جوانان در محل کار: اشتغال جوانان و آزار و اذیت جنسی
|کد مقاله||سال انتشار||مقاله انگلیسی||ترجمه فارسی||تعداد کلمات|
|37496||2009||10 صفحه PDF||سفارش دهید||محاسبه نشده|
Publisher : Elsevier - Science Direct (الزویر - ساینس دایرکت)
Journal : Child Abuse & Neglect, Volume 33, Issue 8, August 2009, Pages 550–559
Abstract Objective An examination of the frequency and impact of workplace sexual harassment on work, health, and school outcomes on high school girls is presented in two parts. The first compares the frequency of harassment in this sample (52%) to published research on adult women that used the same measure of sexual harassment. The second part compares outcomes for girls who experienced harassment versus those who did not. Methods Students in a small, suburban high school for girls completed a paper and pencil survey during class. A modified version of the Sexual Experiences Questionnaire (SEQ: Fitzgerald et al., 1988) was used to identify sexually harassed working teenagers. Work attitudes, assessments of physical health and mental health, and school-related outcomes were measured using standardized scales. Data were analyzed using difference of proportions tests, t-tests, and regression. Results The percentage of harassed girls was significantly higher than the figures reported in most studies of working women. Girls who were sexually harassed were less satisfied with their jobs and supervisors, had higher levels of academic withdrawal, and were more apt to miss school than their non-harassed peers. Conclusions Sexual harassment significantly impacts employed high school girls’ connections to work and school. It not only taints their attitudes toward work but it also threatens to undermine their commitment to school. Educators, practitioners and community leaders should be aware of the negative impact this work experience may have on adolescents and explore these issues carefully with students who are employed outside of school. Practice implications Teenage students, stressed by sexual harassment experienced at work may find their career development or career potential impeded or threatened due to school absence and poor academic performance. In addition, the physical safety of working students may be at risk, creating a need for teenagers to receive training to deal with sexual assault and other types of workplace violence. Educators, practitioners, and community leaders should be aware of the negative impact this work experience may have on adolescents and their overall school experience and explore the issue of sexual harassment carefully with students who are employed outside of school.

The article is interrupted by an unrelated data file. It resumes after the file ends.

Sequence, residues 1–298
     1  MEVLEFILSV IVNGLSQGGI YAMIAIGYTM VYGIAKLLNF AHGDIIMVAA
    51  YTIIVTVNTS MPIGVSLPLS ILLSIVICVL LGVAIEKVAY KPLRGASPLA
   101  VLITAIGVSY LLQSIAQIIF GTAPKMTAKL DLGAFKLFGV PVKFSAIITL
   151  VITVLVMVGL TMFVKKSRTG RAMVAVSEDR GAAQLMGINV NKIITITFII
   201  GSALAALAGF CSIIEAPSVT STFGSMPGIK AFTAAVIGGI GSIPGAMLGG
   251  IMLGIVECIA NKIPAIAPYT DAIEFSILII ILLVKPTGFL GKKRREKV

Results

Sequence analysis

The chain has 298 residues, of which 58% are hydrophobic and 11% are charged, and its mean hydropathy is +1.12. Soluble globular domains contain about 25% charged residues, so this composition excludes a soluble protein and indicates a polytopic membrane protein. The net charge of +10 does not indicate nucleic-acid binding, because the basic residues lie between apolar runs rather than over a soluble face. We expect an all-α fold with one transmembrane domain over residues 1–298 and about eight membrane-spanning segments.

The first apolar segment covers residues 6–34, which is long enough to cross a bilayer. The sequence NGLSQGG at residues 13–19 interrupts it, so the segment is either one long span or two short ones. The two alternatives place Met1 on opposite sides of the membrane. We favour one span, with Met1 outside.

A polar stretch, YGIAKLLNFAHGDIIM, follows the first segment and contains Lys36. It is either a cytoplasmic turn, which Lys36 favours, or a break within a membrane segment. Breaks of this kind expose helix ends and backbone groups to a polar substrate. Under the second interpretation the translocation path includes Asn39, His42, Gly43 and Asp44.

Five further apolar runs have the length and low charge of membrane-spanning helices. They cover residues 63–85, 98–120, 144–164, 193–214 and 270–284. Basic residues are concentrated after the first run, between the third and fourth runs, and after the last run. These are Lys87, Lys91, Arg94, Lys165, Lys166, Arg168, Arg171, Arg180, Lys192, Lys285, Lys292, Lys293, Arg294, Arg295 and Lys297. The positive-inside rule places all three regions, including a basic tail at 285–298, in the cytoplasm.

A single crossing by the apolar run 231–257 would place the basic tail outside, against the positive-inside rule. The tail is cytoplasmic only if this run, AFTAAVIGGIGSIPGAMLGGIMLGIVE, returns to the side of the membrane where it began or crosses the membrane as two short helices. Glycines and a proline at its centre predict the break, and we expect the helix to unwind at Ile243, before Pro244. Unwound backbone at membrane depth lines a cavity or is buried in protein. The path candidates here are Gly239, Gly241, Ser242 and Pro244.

نتیجه گیری انگلیسی
Conclusion Teenagers’ work experiences and the possibility of sexual harassment on the job should be an important issue acknowledged by educators, practitioners, parents, and community business leaders who employ adolescents. Although student psychological well-being was not shown to be adversely affected in this preliminary study, other areas for concern have been raised (i.e., effects on school performance, academic outcomes, stress from work, and physical safety). In addition, concerns for girls’ physical safety at work may require more scrutiny since comparisons with studies of adult women show that girls experienced higher rates of sexual harassment than the adult women. Since the majority of US teenagers now work while attending high school, it would appear critical that both male and female teenagers receive training to deal with sexual assault, sexual harassment, and other types of workplace violence and that school performance of working adolescents be closely monitored.